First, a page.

The present challenges to our wellbeing – our quality of life – are pervasive, affecting even the simplest and most absolute aspects of day-to-day life.
Shifting to new ways of working has involved recalibrating our daily routines, sense of space, and allocation of energy. The true toll that this will take on our wellbeing is one of the biggest unknowns, though its likely to be significant.
Help, support, and ‘how-to’ offerings abound, filtering through from personal and professional networks. If the demand for wellbeing-related training is anything to go by, we know that the appetite for a personal resilience-upgrade has skyrocketed. As important as this training is, however, we should also practice a degree of caution around the volume and quality of information we consume.
Mass information about the collective experience of wellbeing is a useful reference point, but it can only go so far. To truly nurture our mental health, we need to start with an independent understanding our own stressors and motivators, essentially, what we need in order to feel like we are thriving. We need to listen for, and respond to, our physical and emotional cues with compassion; and we should be prepared to accept them without expecting that they will necessarily match the experience of others.
We know from working to solve our most intractable sustainability challenges that thinking in silos is ineffective, and this is no less applicable to our wellbeing. Our quality of life is impacted not just by our mental health, but also by social, physical, and financial factors – some or all of which are materially compromised in the present circumstances.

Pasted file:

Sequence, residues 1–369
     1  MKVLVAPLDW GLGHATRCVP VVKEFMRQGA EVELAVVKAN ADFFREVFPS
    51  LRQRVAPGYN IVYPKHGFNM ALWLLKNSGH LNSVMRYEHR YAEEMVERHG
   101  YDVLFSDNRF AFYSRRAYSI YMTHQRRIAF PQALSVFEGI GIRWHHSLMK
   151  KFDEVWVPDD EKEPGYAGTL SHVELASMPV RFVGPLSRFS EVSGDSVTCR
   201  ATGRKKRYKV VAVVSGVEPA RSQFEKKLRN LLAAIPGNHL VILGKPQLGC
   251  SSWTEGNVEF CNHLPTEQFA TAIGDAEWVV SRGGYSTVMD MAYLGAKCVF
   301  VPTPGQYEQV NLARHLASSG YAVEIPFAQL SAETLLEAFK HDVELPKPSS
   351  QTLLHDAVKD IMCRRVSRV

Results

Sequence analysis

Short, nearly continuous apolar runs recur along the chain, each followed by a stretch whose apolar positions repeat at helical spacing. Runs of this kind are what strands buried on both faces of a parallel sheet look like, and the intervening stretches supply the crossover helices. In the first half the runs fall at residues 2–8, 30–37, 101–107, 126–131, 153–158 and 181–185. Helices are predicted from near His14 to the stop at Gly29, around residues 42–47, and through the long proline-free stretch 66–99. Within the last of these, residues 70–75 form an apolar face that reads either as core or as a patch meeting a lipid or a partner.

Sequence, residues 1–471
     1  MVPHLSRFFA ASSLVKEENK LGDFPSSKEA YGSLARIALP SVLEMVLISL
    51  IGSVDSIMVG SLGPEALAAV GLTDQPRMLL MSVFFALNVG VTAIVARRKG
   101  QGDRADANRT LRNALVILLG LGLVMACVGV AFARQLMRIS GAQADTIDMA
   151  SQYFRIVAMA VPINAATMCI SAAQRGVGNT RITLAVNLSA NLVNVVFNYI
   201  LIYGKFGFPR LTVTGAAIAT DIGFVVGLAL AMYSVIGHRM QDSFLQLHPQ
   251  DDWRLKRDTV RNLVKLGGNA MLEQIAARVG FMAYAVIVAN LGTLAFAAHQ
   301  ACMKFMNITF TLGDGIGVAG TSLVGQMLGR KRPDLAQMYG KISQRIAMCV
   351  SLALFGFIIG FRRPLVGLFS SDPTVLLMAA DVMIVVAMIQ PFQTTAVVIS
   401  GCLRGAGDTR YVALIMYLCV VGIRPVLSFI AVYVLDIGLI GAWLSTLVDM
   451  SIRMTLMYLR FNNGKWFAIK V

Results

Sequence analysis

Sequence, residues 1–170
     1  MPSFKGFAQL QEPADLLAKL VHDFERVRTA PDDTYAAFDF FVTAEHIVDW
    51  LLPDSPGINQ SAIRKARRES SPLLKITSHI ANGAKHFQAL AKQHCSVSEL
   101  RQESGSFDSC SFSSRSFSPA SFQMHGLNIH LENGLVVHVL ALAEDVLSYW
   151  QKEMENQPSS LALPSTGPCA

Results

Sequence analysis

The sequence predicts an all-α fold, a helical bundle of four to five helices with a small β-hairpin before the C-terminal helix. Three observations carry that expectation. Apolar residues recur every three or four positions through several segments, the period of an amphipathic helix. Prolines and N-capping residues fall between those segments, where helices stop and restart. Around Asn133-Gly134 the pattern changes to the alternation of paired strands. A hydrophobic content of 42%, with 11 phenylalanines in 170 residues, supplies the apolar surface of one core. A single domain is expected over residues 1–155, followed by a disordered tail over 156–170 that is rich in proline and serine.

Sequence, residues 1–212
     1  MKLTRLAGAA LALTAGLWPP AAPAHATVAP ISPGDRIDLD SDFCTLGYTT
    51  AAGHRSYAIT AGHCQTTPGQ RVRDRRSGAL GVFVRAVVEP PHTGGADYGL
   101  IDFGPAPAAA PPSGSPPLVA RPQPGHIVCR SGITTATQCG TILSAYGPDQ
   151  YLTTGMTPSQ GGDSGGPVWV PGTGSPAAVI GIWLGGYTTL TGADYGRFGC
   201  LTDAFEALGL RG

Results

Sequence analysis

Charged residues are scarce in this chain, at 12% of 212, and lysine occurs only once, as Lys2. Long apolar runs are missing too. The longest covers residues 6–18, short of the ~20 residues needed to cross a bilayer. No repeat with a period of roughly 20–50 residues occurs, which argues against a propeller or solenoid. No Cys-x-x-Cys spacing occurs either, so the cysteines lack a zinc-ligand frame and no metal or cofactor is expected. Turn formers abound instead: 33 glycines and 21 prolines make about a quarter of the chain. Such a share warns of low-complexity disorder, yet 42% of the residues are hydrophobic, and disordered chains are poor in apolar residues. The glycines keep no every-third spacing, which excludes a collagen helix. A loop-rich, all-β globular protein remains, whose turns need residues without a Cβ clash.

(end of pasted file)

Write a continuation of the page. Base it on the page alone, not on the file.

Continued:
As ‘pivot’ has become the new modus operandi for many organisations and individuals, we have seen courage, resilience, and adaptation in abundance. Yet, we should remember that there is no precedent for what we have experienced in 2020 and the prospect of burnout looms large.
The current clamour around wellbeing represents a thirst for solutions to the creeping fatigue many feel after this unrelenting period. Complementary to upskilling our toolkit for ‘survival and coping’, we should also be thinking and talking about what it means to thrive within the current parameters.
To do this, we should balance training and external information-gathering with the time and space for introspection through whatever means resonates with us – be it via movement, time in nature, mindfulness, and so on.
We are told that the bumps in the road will continue for some time, so now is the moment to cultivate a richer understanding of ourselves without reference to others.
Going back to basics and tuning into our intrinsic values will not only benefit our mental health; it may just help us shape a life in which we are able to flourish, even in this strange moment in time.
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